Nearly all great performers have a larger-than-normal ego. In fact, a healthy self-confidence or a swagger is necessary to be a compelling, confident air personality. But a self-absorbed show is deadly. In fact, it’s one of the most common things that repels listeners.
Listeners have all the power. To succeed, you must find a way to fit into their world. Yet talent that attracts attention is also a key to success. This is a delicate balance.
There is a difference between connecting on a personal level and being vain. Vanity is one the 7 Deadly Sins of Radio Performance, a mistake almost every personality battles at times.
5 Signs You May Be Self-Absorbed…and Not Know It
A listener-focused show can tell endless personal stories without sounding arrogant or inside. Other shows can talk about external content and come off as being “all about us, not about them”. Why is that? Here are four reasons:
The Entry Point: The hook, or entry point, should be designed to pique listener curiosity. That means it should almost always start with them, not with you, If a break starts with a story about you, they tune out almost immediately. A simple adjustment to the opening line can be the difference between relatable and self-indulgent. For a great example, listen to this segment.
Listen and Respond Naturally: Many personalities are so focused on what they want to say next, they don’t pay attention to what is currently said. The result is a disconnected conversation that doesn’t sound natural. Comments may not actually be self-absorbed, but they appear to be steamrolling the conversation like an audio bully.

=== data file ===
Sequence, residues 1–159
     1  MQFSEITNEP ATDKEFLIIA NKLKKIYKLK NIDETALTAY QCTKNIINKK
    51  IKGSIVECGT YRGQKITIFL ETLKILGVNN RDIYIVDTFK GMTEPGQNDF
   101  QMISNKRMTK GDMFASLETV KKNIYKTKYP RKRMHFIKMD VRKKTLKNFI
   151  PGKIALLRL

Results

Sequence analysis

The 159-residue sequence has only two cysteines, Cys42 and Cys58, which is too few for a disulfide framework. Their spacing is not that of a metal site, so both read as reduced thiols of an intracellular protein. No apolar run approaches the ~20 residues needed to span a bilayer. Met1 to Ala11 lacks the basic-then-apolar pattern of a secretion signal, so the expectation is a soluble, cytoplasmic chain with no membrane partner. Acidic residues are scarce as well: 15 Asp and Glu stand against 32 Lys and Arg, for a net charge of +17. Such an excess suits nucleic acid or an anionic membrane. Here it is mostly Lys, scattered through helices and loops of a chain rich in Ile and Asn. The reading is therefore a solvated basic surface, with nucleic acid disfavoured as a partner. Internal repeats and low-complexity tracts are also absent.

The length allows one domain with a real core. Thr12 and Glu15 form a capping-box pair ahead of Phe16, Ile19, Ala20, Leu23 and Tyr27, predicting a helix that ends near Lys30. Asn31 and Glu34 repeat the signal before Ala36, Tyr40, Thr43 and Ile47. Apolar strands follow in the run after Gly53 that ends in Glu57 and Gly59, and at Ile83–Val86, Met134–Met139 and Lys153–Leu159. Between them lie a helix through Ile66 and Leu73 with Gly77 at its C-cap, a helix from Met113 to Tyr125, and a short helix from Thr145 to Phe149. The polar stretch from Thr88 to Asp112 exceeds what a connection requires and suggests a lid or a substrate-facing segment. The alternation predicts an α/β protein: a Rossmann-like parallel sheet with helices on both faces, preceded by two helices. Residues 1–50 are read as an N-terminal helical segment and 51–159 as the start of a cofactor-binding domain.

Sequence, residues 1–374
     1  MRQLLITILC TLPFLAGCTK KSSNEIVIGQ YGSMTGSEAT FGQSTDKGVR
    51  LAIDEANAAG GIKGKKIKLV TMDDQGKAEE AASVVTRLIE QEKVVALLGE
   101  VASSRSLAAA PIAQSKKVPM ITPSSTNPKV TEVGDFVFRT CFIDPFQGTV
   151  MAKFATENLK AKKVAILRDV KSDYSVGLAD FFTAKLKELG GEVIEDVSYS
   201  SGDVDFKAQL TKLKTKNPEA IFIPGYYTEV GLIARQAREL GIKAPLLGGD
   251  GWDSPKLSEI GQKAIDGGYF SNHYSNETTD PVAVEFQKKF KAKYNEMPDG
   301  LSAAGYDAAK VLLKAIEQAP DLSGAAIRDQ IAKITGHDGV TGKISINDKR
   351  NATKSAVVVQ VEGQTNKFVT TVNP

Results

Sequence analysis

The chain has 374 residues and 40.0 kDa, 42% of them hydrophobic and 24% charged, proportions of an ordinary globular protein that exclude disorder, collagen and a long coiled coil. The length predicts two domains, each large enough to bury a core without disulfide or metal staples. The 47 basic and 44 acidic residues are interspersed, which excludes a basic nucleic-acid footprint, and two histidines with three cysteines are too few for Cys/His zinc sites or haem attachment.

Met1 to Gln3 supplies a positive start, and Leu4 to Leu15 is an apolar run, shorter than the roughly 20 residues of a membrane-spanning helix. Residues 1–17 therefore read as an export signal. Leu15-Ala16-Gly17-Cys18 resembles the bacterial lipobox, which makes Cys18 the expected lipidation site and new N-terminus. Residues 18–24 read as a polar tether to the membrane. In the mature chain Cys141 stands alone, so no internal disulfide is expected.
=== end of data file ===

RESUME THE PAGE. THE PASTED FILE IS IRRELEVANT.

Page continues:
Redirecting Conversations: Self-Absorbed people tend to redirect conversations back to themselves. Listen to your show closely in aircheck sessions. It’s common to hear a listener comment on a topic, only for the air talent to turn it into a story about themselves. This is redirecting the conversation.
IMEWEUS: Imeweus is a big problem in radio. It’s over-use of the personal pronouns like I, me, we and us. Of course, there’s nothing wrong with using those words, but too many can tilt the feel of the show to being inside.
Inside Jokes: Maybe you think it’s charming to create an internal club where only the insiders get the jokes. Inside jokes are like being at a cocktail party where you don’t know anyone. You stand around with two people having a conversation that doesn’t include the outsider. You just want to leave. Being left out of the conversation is an immediate button push.
It’s easy to become bored with the basics. We want to liven it up and make it more entertaining for us by being playfully inside. But the audience doesn’t perceive it that way. Avoid inside, self-absorbed content. It will kill your relatability. Here’s more detail on how to avoid being self-absorbed in my two-minute drill: